In an effort to allow this procedure, the Human Fertilisation and Embryology Authority (HFEA) repeats the claim that 1 in 200 children is born each year with a form of mitochondrial disease. In fact only 1 in 5,000 (R. H. Haas et al. Pediatrics 120;1326–1333; 2007) appears to suffer in this way. Further, of those who have DNA defects, a good proportion of them have defects in both nuclear as well as mitochondrial DNA. What this suggests is that mitochondrial replacement would not, in any case, assist them all and still less answer the ethical concerns about multi-bio-parenting. There are ongoing safety concerns about the procedure. Evidence from early stage embryos cannot predict what it will mean for children created by such means. The HFEA, initially required that pro-nuclear transfer, be tested in non-human primates. When US researchers found the technique to be unsuccessful in macaques the condition was abandoned. The HFEA assures us that there is widespread consent to the procedure. There is no such thing. A publically conducted survey of 1,800 respondents found that a majority opposed mitochondrial replacement. The workshops (advertised amongst those favourable to the procedures) with groups of 30 select people, public opinion surveys, small focus groups and meetings with proponents of the new eugenics, are far from open and informed public consultation exercises.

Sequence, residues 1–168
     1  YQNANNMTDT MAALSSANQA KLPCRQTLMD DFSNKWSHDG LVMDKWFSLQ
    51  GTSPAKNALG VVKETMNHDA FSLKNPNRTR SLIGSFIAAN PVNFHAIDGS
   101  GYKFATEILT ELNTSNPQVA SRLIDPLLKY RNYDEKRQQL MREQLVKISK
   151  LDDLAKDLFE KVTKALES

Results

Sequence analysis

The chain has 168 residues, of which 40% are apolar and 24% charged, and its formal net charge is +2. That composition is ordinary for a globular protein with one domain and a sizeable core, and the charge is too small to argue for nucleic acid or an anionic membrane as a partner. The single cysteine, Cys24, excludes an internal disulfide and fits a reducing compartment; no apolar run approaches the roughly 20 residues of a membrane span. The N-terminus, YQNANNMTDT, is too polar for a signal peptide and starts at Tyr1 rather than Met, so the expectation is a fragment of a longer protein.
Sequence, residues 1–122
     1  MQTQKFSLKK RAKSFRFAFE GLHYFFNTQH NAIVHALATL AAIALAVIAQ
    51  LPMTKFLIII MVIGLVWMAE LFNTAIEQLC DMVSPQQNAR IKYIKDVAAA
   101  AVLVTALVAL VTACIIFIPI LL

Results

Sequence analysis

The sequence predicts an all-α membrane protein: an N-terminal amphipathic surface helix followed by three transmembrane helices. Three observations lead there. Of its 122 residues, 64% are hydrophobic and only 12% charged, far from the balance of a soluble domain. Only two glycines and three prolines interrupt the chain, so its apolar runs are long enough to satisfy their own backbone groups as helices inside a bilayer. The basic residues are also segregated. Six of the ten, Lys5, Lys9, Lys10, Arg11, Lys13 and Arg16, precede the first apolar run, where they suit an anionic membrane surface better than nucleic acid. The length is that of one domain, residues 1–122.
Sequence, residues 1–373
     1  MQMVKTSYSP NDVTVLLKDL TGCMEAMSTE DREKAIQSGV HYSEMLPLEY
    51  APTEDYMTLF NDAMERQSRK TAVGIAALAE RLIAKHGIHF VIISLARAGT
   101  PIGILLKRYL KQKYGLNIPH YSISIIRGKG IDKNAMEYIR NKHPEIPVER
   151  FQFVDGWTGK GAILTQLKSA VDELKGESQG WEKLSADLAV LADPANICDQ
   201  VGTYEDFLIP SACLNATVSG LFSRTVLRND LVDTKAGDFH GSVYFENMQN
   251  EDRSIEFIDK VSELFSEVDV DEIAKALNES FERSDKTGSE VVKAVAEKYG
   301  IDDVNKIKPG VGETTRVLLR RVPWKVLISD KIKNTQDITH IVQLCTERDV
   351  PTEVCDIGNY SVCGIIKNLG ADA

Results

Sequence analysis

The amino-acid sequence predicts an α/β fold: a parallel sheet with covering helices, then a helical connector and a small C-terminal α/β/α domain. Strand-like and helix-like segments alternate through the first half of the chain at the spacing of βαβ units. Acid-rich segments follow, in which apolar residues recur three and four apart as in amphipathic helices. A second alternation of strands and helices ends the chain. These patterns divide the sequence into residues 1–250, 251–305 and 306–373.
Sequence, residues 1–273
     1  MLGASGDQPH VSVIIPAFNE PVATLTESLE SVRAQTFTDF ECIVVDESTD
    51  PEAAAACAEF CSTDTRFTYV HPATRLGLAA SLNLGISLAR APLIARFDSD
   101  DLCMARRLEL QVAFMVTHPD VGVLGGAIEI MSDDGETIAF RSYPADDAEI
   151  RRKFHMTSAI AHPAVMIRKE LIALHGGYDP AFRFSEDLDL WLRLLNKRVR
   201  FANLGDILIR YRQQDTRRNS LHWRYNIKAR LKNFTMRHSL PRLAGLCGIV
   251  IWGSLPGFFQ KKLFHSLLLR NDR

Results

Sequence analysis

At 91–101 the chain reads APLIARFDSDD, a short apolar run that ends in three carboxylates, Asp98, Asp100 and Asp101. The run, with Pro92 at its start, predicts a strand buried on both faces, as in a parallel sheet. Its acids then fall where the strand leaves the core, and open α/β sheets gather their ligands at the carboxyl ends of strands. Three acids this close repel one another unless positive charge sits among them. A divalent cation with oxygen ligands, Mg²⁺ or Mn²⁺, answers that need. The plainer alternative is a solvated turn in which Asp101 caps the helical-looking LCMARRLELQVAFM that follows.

As with other ethically suspect industries, like the slave trade, those with important evidence about the trade are ignored and marginalised. Their voice barely rates a mention in the race to open new markets for ever more manufactured and designed human beings. Once a child’s characteristics can be chosen, rest assured a market will emerge in bio-Barbies and bio-Kens, a functional feature of the manufacturing capacities of the Western world.